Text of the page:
This is commonly referred to as the "Eternal September", as Usenet's cycle of new users was previously dominated by smaller numbers of college and university freshmen gaining access in September and taking a few weeks to acclimate.
In January 2000, AOL and Time Warner announced plans to merge, forming AOL Time Warner, Inc.
The terms of the deal called for AOL shareholders to own 55% of the new, combined company. The new company was led by executives from AOL, SBI, and Time Warner.
In May 1988, Quantum and Apple launched Apple Link Personal Edition for Apple II and Macintosh computers.
In August 1988, Quantum launched PC Link, a service for IBM-compatible PCs developed in a joint venture with the Tandy Corporation.
The technical team consisted of Marc Seriff, Tom Ralston, Ray Heinrich, Steve Trus, Ken Huntsman, Janet Hunter, Dave Brown, Craig Dykstra, Doug Coward, and Mike Ficco.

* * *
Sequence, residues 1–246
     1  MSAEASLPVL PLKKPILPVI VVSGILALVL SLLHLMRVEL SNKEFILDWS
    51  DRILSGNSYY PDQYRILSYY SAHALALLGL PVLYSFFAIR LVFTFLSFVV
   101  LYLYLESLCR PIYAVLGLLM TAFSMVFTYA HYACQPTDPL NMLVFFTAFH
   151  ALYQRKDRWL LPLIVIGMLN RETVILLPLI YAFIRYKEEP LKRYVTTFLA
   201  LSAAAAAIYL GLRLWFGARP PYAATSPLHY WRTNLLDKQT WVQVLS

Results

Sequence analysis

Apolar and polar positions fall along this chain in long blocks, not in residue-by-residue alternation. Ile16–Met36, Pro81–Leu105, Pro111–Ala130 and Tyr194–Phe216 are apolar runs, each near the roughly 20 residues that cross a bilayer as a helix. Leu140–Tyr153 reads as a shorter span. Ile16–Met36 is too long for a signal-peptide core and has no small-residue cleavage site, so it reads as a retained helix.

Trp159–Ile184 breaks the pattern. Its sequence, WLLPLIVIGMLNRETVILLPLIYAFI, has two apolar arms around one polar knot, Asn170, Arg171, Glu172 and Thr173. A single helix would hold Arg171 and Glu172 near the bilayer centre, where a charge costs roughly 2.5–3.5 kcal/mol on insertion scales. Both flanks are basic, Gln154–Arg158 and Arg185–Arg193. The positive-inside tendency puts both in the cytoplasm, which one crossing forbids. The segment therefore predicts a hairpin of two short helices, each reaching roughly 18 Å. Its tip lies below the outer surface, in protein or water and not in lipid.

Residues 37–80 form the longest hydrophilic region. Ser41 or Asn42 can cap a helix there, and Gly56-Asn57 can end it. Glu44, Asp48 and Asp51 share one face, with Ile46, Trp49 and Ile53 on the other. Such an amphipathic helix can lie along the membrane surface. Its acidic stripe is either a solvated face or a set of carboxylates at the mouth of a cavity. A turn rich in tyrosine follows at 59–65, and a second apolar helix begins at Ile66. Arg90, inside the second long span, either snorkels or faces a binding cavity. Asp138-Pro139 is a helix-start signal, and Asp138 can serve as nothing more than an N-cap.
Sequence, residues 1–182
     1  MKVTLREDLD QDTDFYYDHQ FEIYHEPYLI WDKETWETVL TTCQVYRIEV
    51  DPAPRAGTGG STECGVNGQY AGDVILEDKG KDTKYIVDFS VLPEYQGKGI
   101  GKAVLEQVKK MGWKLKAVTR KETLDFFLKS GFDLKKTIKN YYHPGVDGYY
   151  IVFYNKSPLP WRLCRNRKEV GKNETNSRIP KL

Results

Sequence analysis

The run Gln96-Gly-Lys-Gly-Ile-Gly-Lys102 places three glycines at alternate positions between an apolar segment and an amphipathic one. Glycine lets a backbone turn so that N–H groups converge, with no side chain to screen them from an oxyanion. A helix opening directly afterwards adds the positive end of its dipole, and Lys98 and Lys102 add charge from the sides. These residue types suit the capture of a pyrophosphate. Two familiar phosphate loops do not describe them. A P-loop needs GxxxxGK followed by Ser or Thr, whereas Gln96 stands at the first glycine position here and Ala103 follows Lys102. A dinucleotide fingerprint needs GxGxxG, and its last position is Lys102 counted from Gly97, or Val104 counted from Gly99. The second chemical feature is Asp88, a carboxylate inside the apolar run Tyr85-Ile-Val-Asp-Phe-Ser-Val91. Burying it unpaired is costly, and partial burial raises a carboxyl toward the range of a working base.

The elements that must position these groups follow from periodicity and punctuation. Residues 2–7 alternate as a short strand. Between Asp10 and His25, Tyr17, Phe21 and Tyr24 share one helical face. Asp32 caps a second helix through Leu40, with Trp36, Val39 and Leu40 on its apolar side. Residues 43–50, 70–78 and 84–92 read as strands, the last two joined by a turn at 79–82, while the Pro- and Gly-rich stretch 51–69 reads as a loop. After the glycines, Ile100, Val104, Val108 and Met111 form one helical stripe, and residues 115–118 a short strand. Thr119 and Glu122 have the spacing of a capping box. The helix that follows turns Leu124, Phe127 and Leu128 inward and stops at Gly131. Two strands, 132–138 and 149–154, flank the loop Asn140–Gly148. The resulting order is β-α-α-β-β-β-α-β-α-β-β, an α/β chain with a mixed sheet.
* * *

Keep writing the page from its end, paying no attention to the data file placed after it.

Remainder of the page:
In 1987, Case was promoted again to executive vice-president.
After the company parted ways with Apple in October 1989, Quantum changed the service's name to America Online.
From the beginning, AOL included online games in its mix of products; many classic and casual games were included in the original Play Net software system.
In the early years of AOL the company introduced many innovative online interactive titles and games, including: This coincided with growth in pay-based online services, like Prodigy, Compu Serve, and GEnie.